The Grossevaden (trans. Great Fathers. Sing. "Grossvade") is the honorific title granted on the precursors of the Holfolken people. They encompass the poetic and legendary origins and histories of the Holfolk since the dawn of human imagination to Earl Gesterson; though the literary observers may often cite Gesterson and his heirs as Grossvade themselves.
The Grossvaden are such a major aspect in Holfolk lore and legends it's widely enforced that a man is not a Holfolk unless he can trace his lineage to a Grossvade or to the legendary north lands of Wielebarden-Aenglie. This often leads to disputes between those attempting to make a footing as a new clan with the established landed clans or noble dynasties who would take offense. Ancestry in tracing back to a Grossvade is done through the father's line, and although bastard status is ignored legally in drafting one's Grossvade history it does produce a heavily contest area for legal and social reasons.
The history of the term in Holfolken literary and even legal usage extends for over a millenia. Though the linguistic change of the world makes it difficult to reproduce the early word from which it was born from. The current form of the term was solidified in the first writing of the early Sagas by Cuthbyrn the Meek. His early, post-migration anthology of poetic sagas illustrate the pattern and usage of the Grossvaden in the oldest and most well known sagas as using "Grossvaden" as a hero who achieved legendary, god-like status. Such heroes being Bea, Bone, or Cuthill the Wizard Slayer.
The usage of the word was broadened - or rather explored - by Aelyn Wuthrin of Cumbrary in a series of local laws detailing title and land-owning rights for the Kingdom of Cumbrary. Under the authority of then king Bristol - father of later Queen Matilda - he ordained the allowance of land to be given to those who could, "prove heritage of a Great Clan from the north lands of our Grossvaden, exemption of heritage through the maternal line".
Noble houses often cite relation to one legendary hero of the sagas, who are the foundation of the extended noble clans.
Grossvaden is often invoked in the tracing of proper lineage via proof through a List of Fathers, tracing the lineage of a man through his fathers to any one Grossvade in history. Proving one's lineage entitles a man to the right to maintain a Manor with servants and serfs, granted through obvious payment of coin or from service to a lord. This may also lead to rare cases of inheritance left collectively unclaimed if on the lineage there is any that was not claimed by the proven successor (for a variety of reason).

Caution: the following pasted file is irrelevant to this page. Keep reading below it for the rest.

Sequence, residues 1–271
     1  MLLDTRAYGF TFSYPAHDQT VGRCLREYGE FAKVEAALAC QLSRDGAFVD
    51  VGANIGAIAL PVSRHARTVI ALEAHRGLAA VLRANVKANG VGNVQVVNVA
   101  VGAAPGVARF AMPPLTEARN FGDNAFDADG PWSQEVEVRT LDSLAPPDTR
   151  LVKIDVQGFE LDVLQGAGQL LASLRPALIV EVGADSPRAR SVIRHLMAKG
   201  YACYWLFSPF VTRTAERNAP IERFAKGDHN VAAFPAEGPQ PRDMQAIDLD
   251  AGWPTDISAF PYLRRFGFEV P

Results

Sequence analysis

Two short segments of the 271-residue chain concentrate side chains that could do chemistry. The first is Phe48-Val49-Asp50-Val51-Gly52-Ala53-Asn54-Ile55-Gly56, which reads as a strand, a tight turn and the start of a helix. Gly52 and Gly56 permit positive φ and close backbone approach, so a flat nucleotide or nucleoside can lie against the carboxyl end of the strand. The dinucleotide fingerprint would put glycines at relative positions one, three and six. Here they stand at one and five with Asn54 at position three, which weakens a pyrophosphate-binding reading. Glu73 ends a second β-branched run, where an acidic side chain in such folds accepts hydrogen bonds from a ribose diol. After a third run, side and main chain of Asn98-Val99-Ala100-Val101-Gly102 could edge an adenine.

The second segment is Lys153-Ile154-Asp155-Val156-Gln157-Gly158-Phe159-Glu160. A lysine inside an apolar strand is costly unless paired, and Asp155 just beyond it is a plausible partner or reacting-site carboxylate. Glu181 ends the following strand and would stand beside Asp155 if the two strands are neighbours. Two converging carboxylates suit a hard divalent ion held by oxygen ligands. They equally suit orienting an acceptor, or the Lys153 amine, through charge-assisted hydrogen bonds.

As well, proven lineage permits the ownership of a sigil or coat of arms to sign documents with or to mark ownership of property with, as well as a sigil to carry into battle. Promotion through the military is often done in favor of those who have a proven lineage to the Grossvaden. Similarly, it grants immunity to execution or enslavement.
With the exception of the Loyal Caleigh - whose fathers surrendered to Earl Gesterson - lineage deems the man fit for rule over a fief larger than a manor as candidate of a permanent - non-tributarian - territory should his liege-lord sees fit.
Having a proven lineage does not however ensure you to be the next in line for land inheritance in the off chance a Caleigh or non-Holfolk is next in line for inheritance, but has proven to be an element of favor in minor landing disputes and clan-conflicts.
As well as the above, other terms are tied informally to Grossvaden. These being:
Dócincelson - Bastard Son, a man attempting to prove his lineage to a Grossvade through illegitimate parentage.
Schiesseagend - Shit Lord. A man whose attempt at proving his lineage has failed in legal or armed dispute.